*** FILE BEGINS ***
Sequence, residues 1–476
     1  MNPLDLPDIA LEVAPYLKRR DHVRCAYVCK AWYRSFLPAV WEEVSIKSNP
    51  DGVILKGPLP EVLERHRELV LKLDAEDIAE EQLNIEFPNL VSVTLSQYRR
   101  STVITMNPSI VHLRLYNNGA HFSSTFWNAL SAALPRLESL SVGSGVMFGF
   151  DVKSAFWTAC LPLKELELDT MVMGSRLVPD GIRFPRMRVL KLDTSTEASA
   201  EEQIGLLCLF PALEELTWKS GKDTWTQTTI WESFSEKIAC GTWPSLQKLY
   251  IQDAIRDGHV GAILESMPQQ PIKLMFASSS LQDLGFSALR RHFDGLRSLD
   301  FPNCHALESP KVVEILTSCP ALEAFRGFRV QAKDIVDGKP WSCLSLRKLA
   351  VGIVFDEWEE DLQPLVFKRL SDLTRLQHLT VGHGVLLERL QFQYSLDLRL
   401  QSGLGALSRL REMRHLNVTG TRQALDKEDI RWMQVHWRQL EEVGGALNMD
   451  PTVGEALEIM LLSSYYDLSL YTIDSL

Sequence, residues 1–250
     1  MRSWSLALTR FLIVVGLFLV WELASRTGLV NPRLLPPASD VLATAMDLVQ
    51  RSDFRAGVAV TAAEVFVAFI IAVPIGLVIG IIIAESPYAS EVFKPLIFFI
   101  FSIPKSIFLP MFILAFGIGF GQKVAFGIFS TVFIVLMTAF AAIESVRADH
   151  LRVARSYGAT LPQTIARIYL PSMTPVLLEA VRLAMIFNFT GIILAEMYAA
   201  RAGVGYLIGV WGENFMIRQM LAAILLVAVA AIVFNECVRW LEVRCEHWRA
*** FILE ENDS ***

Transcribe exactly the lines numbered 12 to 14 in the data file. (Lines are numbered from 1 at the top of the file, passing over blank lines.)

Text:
Sequence, residues 1–250
     1  MRSWSLALTR FLIVVGLFLV WELASRTGLV NPRLLPPASD VLATAMDLVQ
    51  RSDFRAGVAV TAAEVFVAFI IAVPIGLVIG IIIAESPYAS EVFKPLIFFI